Art by Sumartist (Toronto), photo by Bernard Spragg on Flickr
The FWD #180 • 425 Words
Did Nipsey Hussle bring us a tool to counter gentrification?
For hip-hop artist Nipsey Hussle, “Buy Back the Block” wasn’t just another verse. It was part of a real strategy to buy back properties in Hyde Park, the gentrifying south Los Angeles neighborhood he called home, to combat displacement and remedy a history of disinvestment.
Before Nipsey Hussle’s shocking and untimely death in March 2019, he was working with neighbors, nonprofits, and lawmakers to develop an investment fund to buy back homes and commercial space and transfer ownership to existing residents. The artist had already bought a strip mall with the intention of developing a grocery store and at least 80 housing units.
In a time when many cities are dealing with gentrification amid soaring property values, the buy back the block model is an equitable way for long-time residents to not only remain in their communities, but also have community control of development within their neighborhoods.
Hussle was also planning to take advantage of Opportunity Zone tax incentives to help spur further investment in the neighborhood. Created by the The Tax Cuts and Jobs Act of 2017, they’re economic development tools meant to encourage investment in low-income neighborhoods or districts.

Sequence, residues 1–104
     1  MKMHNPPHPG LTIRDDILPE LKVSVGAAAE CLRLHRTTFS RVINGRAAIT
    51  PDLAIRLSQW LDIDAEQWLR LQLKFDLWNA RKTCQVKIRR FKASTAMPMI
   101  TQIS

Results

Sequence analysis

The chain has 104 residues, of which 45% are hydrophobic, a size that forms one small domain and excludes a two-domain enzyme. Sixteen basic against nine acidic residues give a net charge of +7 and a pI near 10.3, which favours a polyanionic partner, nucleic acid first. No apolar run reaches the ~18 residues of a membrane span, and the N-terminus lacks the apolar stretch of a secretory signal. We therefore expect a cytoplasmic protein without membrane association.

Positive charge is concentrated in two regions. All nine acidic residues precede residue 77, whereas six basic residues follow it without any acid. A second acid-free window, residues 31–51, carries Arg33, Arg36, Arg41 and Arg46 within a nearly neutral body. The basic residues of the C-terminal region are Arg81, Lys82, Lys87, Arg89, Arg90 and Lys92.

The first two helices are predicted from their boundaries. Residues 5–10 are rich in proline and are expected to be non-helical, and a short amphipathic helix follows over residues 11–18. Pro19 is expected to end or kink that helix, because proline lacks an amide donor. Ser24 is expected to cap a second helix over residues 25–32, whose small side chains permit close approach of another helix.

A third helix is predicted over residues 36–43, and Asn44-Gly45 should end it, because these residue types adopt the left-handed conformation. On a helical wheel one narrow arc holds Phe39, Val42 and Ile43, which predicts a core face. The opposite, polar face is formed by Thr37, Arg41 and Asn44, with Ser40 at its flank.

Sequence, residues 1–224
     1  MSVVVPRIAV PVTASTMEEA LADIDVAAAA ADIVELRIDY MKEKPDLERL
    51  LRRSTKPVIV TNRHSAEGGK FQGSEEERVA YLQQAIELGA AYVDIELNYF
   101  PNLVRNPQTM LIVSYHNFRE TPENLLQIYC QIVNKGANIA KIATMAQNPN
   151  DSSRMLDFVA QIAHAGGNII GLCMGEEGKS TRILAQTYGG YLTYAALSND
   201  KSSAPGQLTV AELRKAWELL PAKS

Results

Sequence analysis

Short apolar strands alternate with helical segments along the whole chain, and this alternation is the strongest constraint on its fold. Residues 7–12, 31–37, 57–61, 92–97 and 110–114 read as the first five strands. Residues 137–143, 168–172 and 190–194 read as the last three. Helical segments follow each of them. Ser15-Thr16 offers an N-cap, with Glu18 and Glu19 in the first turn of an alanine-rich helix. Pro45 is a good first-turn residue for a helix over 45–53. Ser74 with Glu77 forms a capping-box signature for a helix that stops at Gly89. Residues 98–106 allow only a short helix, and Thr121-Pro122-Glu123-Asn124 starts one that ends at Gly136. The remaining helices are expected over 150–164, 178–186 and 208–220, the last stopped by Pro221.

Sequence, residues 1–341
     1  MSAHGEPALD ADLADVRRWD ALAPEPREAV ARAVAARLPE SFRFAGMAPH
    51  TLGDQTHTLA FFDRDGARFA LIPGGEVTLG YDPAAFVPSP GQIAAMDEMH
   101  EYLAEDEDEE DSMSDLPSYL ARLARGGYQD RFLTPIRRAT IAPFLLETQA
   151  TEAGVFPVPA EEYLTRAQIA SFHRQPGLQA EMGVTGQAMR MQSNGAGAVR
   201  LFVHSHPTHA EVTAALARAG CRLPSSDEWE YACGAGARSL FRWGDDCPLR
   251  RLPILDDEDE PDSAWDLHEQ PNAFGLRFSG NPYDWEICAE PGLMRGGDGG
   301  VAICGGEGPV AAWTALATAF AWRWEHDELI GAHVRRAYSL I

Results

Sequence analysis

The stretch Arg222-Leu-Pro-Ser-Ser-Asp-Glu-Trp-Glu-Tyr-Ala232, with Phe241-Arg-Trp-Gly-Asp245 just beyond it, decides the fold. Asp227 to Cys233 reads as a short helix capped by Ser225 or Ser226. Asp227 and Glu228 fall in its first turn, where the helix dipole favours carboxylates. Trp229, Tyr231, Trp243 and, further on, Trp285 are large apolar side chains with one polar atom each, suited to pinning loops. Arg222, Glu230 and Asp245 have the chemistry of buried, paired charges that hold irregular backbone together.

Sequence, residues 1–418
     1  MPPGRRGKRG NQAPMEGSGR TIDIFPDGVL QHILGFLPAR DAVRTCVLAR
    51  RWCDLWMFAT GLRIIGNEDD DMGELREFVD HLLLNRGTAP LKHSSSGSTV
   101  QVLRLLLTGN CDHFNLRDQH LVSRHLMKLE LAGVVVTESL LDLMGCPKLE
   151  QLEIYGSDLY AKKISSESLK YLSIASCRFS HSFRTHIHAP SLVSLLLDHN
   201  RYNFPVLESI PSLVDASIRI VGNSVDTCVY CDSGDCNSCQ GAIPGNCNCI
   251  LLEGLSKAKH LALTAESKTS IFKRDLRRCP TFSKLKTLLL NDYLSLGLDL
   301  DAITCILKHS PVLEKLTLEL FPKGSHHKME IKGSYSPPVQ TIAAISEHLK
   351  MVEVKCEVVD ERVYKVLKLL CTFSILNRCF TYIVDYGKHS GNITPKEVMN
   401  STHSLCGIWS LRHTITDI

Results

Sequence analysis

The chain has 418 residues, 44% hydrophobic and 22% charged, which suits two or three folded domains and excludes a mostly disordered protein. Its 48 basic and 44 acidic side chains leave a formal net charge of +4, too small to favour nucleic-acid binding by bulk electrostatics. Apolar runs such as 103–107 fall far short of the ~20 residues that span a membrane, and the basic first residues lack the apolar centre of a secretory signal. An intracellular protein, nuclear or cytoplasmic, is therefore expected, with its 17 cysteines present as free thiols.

Of course, this idea hinges on the generosity of a local philanthropist giving back. But what about other communities who might not have an “angel investor”? How could they buy back the block?
One possibility could be for locals to establish a community land trust (CLT) to promote collective ownership and control of land. Even though CLTs are not new concepts—there are over 225 community land trusts in the United States—creating them usually takes a great deal of grassroots organizing.
Gentrification is a complex web of forces that requires active and intentional coordination between local, state, and federal levels to mitigate. Decision-makers have to balance reinvesting in urban neighborhoods with systemically lowering housing costs to allow low-income residents to keep living in city centers.
But buying back the block can make this equation easier. It can help revitalize vacant lots and encourage locals to buy brick and mortar shops to service their communities. A neighborhood that is less cost-burdened is a safer, stronger, and more livable neighborhood.
Slowing gentrification means sharing ownership with existing residents. What made Nipsey Hussle’s “buy back the block” strategy so powerful was the reinvestment and transformation of the material conditions of his fellow neighbors toward a thriving, self-realized community. In the words of Nipsey Hussle, “What was once gray skies is now white clouds.”
The marathon continues.